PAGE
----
MEPs fail to overturn ban on plant protection products

The planned ban had been strongly opposed by NFU Scotland. Picture: Remy Gabalda/AFP/Getty Images
The planned ban had been strongly opposed by NFU Scotland. Picture: Remy Gabalda/AFP/Getty Images
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When is a simplification not a simplification? When it makes life more difficult – that was the consensus among farmers yesterday after a vote by the European Parliament resulted in a ban on the use of plant protection products (PPPs) on all ecological focus areas (EFAs).

The parliament’s agriculture committee had earlier recommended the proposal be rejected and the majority of MEPs had actually followed this lead and voted against the plan.

However a technicality saw the vote in Strasbourg fall short of the majority required to overturn the package, which had been put forward by the European Commission for a suite of proposals aimed at simplifying greening measures.

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UK farming unions said that while some useful simplification could be introduced as a result, the overall effect of the ban on sprays on EFA had been sufficient to see them lobbying hard for the package to be ditched.

The plan to ban PPPs on EFA crops had been strongly opposed by NFU Scotland, mainly as it would render the growing of peas and beans as EFA crops unviable – a position that was accepted by the agri-committee of the European Parliament two weeks ago.

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Speaking from Brussels after the vote, NFU Scotland president Andrew McCornick said that the decision watered down the genuine simplification benefits that could have been delivered and would make life more difficult for Scots farmers, not easier.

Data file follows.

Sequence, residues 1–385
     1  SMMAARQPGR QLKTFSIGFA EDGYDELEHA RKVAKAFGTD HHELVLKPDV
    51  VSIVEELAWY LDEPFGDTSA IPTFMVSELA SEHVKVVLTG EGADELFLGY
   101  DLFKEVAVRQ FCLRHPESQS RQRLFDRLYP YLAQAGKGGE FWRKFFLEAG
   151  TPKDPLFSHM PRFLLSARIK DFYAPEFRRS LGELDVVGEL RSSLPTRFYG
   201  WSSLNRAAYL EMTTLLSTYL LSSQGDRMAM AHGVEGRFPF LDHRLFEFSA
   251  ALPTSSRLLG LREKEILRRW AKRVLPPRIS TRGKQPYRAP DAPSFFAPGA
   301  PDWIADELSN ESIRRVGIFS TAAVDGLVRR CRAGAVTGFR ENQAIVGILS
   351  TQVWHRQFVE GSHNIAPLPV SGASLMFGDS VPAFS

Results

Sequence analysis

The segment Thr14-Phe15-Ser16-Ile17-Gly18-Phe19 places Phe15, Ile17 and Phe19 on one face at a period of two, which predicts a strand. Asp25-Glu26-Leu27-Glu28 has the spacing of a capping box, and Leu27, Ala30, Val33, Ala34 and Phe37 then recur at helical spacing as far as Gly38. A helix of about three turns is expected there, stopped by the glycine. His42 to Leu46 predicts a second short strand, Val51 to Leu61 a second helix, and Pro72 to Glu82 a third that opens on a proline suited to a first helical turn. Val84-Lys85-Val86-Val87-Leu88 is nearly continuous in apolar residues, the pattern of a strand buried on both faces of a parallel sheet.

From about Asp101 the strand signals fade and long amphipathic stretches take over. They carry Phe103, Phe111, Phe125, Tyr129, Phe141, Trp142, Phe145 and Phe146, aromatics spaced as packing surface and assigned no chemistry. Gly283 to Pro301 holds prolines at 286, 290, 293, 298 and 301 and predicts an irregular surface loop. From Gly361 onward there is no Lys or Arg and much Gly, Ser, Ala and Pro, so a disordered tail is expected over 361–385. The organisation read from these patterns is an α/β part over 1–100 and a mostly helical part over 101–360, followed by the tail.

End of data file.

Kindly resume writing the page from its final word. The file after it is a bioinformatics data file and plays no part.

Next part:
“The vote means the CAP simplification package is likely to be in place for 2018 with a ban on the use of PPPs on some EFAs, including areas with catch crops, green-cover or nitrogen-fixing crops (NFCs),” he said.

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McCornick added that the ban had implications for growers in Scotland who had planned on growing autumn sown NFCs such as peas and beans in a few weeks time to be claimed on the 2018 single application form as EFA NFC.

“Clarification is still needed on whether PPPs can be used during the establishment of these crops. Clarification is also needed on whether the rules on spot application of PPPs on EFA fallow will be affected.”

Calling on the Scottish Government to implement the positive elements in the package, he said: “One measure that is not optional is the merging of the field margin and buffer strip options and that is welcome.”

While the ban on the use of PPPs in NFCs might have been a blow to Scottish producers, the effect will be felt even more keenly in some other member states.

While the NFC’s peaked at close to 13 per cent of EFAs in Scotland in 2015, falling to less than half after it was required that two such crops were grown, the legume option has accounted for 43 per cent of the total EFA area across Europe – and close to 100 per cent in some countries.

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